Your credit report information is used by banks, credit card companies, auto finance companies, and mortgage lenders to determine if they should lend money to you. A poor history will make your interest rates high or even prevent you from obtaining a loan altogether. Considering the importance of the information contained in your credit report, it is vital that it be complete, correct and up-to-date. Many people know that credit report errors can be challenged with the credit bureaus, but you not be aware that you can make the same challenge with the reporter. Below is how you can effectively file a direct dispute with a past lender or reporter:
What is a direct dispute?
A direct dispute is considered to be legally filed when a consumer challenges information appearing on their credit report, and the challenge is made directly to the original reporter of the information in question. This differs from the more well-known credit report dispute that is filed with the credit bureaus; each credit bureau requires that a dispute be filed with them individually.
Though you have the option of filing either a direct dispute or a credit report dispute, there are a few advantages of filing a direct dispute:
Only one dispute is filed as opposed to as many as three for the separate credit bureaus.
You are working with the originator of the challenged information rather than the credit bureaus that act as middlemen.
You can only file one credit report dispute, and if it is found to be without cause, the originator can summarily dismiss future disputes related to the challenged information.
The process of filing a direct disputes
A direct dispute can be filed with a reporter in a variety of formats; consumers can call, phone, email and write a letter. However, not all methods are equally effective; in fact, a written letter is the best way to make contact that is meaningful. Here is how you can file a direct dispute via letter:
1. Gather your evidence – a direct dispute should contain written evidence that backs up your assertion that an error has been made. For example, if your credit report says you have an open auto loan account, providing a photocopy of a letter showing the loan was paid-off and closed is powerful evidence for your case. Provide as much written evidence as you can, but be sure that there are no contradictions between the individual documents submitted. Also, highlighting key pieces of evidence is helpful; the reviewer may not have much time to look at your dispute, and by making their job easier, the more likely you are to have it resolved in your favor. Finally, be sure to make photocopies of everything you send in the mail in case the letter and documentation are lost.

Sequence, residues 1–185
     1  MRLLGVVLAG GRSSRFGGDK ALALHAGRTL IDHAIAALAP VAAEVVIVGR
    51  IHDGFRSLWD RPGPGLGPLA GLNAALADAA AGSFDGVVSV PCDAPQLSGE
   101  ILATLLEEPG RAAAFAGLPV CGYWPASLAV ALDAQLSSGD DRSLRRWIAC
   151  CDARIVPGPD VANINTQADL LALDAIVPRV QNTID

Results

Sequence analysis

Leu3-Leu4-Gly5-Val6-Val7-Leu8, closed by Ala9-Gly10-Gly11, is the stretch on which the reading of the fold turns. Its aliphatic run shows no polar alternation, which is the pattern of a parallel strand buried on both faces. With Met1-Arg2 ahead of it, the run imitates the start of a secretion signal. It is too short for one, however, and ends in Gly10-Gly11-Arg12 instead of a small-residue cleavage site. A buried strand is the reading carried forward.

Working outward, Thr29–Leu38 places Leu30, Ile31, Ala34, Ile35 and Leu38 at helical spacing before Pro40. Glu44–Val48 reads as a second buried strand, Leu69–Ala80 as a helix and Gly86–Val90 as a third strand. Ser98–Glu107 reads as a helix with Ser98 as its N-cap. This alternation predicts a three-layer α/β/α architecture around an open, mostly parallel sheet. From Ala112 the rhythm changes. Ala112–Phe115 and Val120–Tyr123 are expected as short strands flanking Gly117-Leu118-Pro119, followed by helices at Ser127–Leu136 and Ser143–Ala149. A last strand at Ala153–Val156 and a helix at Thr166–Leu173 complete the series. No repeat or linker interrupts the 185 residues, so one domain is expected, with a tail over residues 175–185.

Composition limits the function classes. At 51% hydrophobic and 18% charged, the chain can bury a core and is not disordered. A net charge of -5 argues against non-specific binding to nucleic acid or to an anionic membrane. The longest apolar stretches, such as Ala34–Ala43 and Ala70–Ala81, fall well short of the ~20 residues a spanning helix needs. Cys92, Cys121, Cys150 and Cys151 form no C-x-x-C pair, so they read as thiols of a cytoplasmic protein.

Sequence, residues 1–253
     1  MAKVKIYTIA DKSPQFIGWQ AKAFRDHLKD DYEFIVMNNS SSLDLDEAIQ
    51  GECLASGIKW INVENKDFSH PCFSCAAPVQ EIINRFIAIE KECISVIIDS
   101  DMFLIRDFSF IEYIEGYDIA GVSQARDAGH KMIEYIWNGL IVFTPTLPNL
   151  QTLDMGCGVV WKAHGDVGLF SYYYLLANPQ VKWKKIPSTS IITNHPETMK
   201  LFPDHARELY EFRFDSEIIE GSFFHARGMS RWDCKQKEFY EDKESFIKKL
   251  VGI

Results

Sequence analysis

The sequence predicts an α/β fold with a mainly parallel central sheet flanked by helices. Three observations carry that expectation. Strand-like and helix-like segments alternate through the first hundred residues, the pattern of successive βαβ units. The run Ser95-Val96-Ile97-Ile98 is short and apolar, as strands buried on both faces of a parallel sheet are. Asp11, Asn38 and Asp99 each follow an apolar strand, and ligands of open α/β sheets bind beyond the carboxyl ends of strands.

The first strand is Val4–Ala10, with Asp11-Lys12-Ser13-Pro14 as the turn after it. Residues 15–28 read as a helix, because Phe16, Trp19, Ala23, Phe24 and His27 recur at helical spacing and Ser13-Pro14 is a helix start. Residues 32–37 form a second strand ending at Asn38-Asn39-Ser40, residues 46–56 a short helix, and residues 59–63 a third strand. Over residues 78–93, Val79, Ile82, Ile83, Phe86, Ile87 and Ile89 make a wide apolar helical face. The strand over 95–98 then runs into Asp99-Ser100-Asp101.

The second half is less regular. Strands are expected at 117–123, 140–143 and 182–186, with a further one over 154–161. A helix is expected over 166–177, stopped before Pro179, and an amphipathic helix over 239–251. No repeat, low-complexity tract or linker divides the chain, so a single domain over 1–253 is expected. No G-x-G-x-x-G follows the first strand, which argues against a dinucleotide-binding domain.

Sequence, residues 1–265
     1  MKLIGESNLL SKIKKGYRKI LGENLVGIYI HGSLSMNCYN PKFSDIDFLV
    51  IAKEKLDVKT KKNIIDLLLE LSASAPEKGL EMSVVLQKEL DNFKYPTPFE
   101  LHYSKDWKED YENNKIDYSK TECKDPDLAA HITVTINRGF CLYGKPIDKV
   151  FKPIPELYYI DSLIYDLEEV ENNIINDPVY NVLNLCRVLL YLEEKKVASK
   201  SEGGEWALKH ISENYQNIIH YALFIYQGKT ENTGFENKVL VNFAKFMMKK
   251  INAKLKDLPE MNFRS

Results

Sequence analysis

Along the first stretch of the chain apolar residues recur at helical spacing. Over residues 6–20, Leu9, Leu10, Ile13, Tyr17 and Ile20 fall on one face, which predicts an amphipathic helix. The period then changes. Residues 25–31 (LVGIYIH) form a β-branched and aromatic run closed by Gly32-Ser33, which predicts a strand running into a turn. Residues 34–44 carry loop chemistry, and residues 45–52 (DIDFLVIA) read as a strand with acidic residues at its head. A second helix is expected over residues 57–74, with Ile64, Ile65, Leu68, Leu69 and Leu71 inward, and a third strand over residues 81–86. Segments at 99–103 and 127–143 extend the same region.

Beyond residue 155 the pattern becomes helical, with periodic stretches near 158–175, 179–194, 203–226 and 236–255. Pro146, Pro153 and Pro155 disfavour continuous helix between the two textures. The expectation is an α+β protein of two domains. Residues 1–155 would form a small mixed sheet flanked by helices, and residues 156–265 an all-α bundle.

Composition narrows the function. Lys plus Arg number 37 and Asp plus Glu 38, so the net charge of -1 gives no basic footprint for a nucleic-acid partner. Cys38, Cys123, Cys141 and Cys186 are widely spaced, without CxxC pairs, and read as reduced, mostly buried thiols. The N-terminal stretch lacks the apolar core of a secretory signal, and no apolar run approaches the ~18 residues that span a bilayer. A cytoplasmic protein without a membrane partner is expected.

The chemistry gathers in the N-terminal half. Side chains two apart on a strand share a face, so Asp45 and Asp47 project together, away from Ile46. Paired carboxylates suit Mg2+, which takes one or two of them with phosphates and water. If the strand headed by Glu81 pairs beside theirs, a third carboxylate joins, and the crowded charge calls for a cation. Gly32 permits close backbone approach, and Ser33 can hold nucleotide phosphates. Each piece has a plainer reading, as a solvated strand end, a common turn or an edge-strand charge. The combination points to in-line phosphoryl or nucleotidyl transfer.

2. Write your letter – take your time when writing your direct dispute letter. This document should be clear, direct and address the points at hand. Be courteous and non-threatening, but also be assertive and confident in your wording. Use specific words that explain you are filing a direct dispute of information in your credit report; point out exactly what is wrong and why it is wrong. Make references to your included evidence so that the reviewer can connect the letter to the documentation. Finally, include enough information to illustrate the validity of your claim, but don't add extraneous or emotional language in an effort to persuade.
3. Mail the letter – mailing the letter is more than stamping it and dropping it in a box. First, you need to be sure that the address is for the person responsible for direct disputes; a generic address may cause your letter to end-up stuck in a mail room or routed to the wrong office. Call the company, if necessary, to find out who is responsible for credit-related issues. Also, when you mail the letter, send it via certified or registered mail so that you will obtain confirmation of delivery. Keep track of the dates, both when you mail the dispute and when it shows as being received.
4. Wait patiently – the reporter has up to 30 days to investigate and 5 additional days to respond to your direct dispute. By law, they must provide you with their findings, whether they validate your claim or deny it. In addition, reporters must also contact all three credit bureaus should they discover your dispute has merit. If you don't agree with the findings provided to you, you may want to see if you can accumulate additional evidence before attempting to resubmit your dispute. "Frivolous" disputes are dismissed without evaluation, and you don't want your efforts to be in vain.
Because this process can take some time, you may need to take a loan out from payday advance company whose decision to lend to you won't be affected by a faulty credit report.